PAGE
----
NFL Draft: Bears checking WRs, including Laquon Treadwell


NFL Draft: Bears checking WRs, including Laquon Treadwell

The Bears used the No. 7 pick in last year’s draft on Kevin White, and have franchise-tag money on the table with Alshon Jeffery.

So a first-round move on Treadwell by the Bears is hardly likely. But the Bears choose 10th in the second round and with the fluid Jeffery situation. So – along with meetings with receivers Devon Cajuste from Stanford, Braxton Miller and Michael Thomas from Ohio State, and Rashawn Scott from Miami, per various reports – the Bears clearly are doing some due diligence with the possible future in mind.

That includes a planned meeting with Mississippi wide receiver Laquon Treadwell, among the highest-rated wideouts in this year's class, at a position of increasing demand over the past several drafts.

[RELATED - Bears meeting schedules point to preparing for QB draft grab]

When the 2015 college season ended, Mississippi’s Laquon Treadwell was rated the No. 1 wide receiver heading for the 2016 draft by such as Pro Football Weekly’s Draft Guide – not surprising after Treadwell’s season of 82 catches, 1,153 yards and 11 touchdowns, production with size (6-2, 220 pounds). Projected first round’er.

But then Treadwell ran a pair of 40 times in the 4.6-4.7 sec. range at the Ole’ Miss pro day, and the prospect that he might last past the Top 15 picks of the Apr. 28 round one surfaced.

Prior to that, Treadwell told Pro Football Talk’s Mike Florio last month that he had visits set with the Bears, Bengals, Browns and Cowboys.

Anthony Miller sports Bears uniform at NFLPA Rookie Premiere

Anthony Miller sports Bears uniform at NFLPA Rookie Premiere

Anthony Miller has quickly become a fan favorite on social media. He has the confidence and swagger found in most top wide receivers and it comes through on his Twitter and Instagram accounts.

Miller was one of 40 players in attendance at the 2018 NFLPA Rookie Premiere where he not only learned about the business and marketing side of football, but also suited up in his Bears gameday uniform for the first time. Of course, he shared the moment on Twitter:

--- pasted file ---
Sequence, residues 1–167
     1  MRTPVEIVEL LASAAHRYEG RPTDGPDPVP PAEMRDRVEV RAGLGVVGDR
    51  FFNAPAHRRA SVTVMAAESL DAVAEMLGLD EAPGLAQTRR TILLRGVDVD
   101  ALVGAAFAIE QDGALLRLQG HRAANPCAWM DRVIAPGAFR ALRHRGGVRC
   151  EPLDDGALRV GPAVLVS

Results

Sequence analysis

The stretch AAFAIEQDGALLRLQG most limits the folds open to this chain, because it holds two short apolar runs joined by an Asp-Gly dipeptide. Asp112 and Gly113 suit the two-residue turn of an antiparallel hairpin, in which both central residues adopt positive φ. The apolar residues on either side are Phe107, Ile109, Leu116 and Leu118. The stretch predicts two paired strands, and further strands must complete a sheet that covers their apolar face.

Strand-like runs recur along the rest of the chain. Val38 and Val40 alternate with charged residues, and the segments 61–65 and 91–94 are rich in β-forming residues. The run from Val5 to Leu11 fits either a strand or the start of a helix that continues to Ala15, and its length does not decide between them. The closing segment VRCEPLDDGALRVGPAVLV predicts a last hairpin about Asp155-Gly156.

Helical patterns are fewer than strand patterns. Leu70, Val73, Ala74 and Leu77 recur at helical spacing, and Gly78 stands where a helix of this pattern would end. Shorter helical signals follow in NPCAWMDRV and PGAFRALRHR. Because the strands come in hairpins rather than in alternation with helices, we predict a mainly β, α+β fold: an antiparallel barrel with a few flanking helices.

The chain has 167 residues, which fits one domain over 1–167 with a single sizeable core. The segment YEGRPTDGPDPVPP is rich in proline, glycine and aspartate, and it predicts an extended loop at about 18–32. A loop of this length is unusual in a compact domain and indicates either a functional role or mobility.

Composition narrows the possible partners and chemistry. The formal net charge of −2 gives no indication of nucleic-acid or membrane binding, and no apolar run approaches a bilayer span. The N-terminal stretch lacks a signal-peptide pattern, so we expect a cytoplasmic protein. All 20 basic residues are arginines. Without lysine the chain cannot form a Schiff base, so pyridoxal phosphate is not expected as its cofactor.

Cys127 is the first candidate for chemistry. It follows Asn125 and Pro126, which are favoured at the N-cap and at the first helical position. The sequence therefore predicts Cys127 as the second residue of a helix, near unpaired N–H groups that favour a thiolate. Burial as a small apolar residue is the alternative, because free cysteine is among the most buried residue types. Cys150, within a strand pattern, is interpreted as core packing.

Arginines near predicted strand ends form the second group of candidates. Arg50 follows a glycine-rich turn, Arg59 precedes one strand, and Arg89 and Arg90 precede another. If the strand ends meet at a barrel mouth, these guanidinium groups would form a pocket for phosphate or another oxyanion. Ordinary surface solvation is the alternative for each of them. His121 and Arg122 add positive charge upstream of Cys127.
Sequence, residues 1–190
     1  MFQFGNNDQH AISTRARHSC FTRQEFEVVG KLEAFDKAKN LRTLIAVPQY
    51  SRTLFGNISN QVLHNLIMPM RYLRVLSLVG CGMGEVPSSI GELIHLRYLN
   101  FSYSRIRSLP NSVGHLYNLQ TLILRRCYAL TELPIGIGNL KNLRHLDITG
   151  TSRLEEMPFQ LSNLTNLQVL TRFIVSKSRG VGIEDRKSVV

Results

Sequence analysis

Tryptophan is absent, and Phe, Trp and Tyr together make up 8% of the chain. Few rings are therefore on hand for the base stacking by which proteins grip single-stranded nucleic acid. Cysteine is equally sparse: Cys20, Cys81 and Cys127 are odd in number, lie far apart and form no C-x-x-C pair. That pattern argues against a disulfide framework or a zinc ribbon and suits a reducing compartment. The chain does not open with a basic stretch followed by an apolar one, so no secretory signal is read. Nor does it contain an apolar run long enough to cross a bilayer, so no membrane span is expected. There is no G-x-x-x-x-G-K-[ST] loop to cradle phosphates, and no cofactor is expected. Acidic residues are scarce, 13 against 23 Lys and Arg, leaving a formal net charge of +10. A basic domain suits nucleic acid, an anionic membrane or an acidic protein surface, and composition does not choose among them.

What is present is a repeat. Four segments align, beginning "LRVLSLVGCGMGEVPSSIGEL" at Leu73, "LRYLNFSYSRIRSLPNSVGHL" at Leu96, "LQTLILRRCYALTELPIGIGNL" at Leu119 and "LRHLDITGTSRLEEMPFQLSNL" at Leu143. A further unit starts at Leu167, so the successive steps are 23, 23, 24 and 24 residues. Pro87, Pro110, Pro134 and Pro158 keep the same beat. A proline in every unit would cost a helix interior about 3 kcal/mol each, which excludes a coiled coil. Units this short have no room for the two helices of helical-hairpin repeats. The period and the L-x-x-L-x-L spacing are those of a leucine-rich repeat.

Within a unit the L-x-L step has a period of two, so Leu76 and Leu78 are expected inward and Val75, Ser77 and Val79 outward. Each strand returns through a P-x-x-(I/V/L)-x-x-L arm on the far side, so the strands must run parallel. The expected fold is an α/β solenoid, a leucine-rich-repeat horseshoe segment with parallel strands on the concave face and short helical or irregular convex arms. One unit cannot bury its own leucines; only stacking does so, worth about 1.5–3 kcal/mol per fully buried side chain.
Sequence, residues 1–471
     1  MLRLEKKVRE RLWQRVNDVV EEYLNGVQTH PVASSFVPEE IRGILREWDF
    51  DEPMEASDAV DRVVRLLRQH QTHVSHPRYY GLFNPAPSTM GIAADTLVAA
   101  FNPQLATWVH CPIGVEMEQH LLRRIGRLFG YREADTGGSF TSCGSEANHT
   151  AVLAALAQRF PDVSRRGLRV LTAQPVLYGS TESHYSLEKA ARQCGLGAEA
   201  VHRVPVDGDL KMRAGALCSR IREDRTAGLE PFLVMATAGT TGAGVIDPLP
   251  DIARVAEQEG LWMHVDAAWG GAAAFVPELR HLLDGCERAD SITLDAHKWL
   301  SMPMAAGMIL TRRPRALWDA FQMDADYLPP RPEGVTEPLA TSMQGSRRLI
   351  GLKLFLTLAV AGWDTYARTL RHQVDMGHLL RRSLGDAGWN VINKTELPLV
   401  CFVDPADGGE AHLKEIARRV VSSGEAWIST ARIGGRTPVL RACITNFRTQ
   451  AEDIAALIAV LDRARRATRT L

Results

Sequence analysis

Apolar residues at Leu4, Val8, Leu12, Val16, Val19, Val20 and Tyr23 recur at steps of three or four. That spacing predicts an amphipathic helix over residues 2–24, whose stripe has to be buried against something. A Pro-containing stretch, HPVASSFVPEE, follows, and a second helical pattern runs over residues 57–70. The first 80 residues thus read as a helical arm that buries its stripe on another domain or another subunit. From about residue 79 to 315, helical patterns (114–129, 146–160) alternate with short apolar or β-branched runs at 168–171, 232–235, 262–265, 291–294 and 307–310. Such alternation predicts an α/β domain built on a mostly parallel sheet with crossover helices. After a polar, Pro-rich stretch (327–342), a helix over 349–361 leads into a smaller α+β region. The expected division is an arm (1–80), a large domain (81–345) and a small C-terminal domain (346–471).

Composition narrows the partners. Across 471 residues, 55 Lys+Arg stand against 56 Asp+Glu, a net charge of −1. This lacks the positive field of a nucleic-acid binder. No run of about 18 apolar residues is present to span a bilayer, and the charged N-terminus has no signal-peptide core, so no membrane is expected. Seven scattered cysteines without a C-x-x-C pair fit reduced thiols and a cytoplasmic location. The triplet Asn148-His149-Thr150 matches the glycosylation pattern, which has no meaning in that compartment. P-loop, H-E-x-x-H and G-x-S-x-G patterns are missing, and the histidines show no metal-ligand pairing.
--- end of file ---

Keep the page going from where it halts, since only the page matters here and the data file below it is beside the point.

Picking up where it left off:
Panini America, a sports collectible company, snapped a picture of Miller with fellow rookie receiver Calvin Ridley (Falcons) and quarterback Mason Rudolph (Steelers):

Miller has become something of a standout for the Bears despite not playing a single snap. He's expected to have a big role in an offense that has several new pieces and roles that are up for grabs.

Miller will compete with former first-round pick Kevin White and free-agent addition Taylor Gabriel for reps opposite Allen Robinson. Miller has the necessary skill set to play as both an outside receiver and in the slot which should give him an even greater opportunity to be on the field quite a bit.

The Bears first three draft picks are all vying for starting jobs in 2018. Roquan Smith (first round) is a lock to start next to Danny Trevathan and James Daniels (second round) will start at guard. Miller should make it three-for-three in a draft class that could end up the best of Ryan Pace's tenure.

Ryan Pace ranked among bottom-third of NFL general managers

Ryan Pace ranked among bottom-third of NFL general managers

Chicago Bears GM Ryan Pace is having what many believe is his best offseason since taking the job in 2015, but after three seasons and only 14 wins, he needs a big year in 2018 to justify the confidence ownership has in him. 

According to a recent breakdown of all 32 general managers, Pace ranks among the worst decision-makers in the league.

No. 23: Ryan Pace, Chicago Bears

There’s only so much you can accomplish in one spring. The problem is that Pace let himself accumulate so many needs to begin with. He needs Trubisky and Nagy to springboard a fourth-year turnaround. 

The rankings didn't include six new GM hires, which makes Pace's positioning even more troubling.

Even though the Bears haven't seen wins on the field, Pace has done a solid job through three draft classes and appears to have the right coaching staff in place. His first hire, John Fox, was a calculated move by a rookie general manager to have an experienced football guy to lean on. Now, several offseasons later, the team is starting to take on his identity.

Despite all the talent Pace has added through the draft and the slow but steady transformation of the team's overall culture, it's a win-now business and if his blueprint doesn't start producing more wins than losses, it will be hard to justify more time and patience for his plan to develop.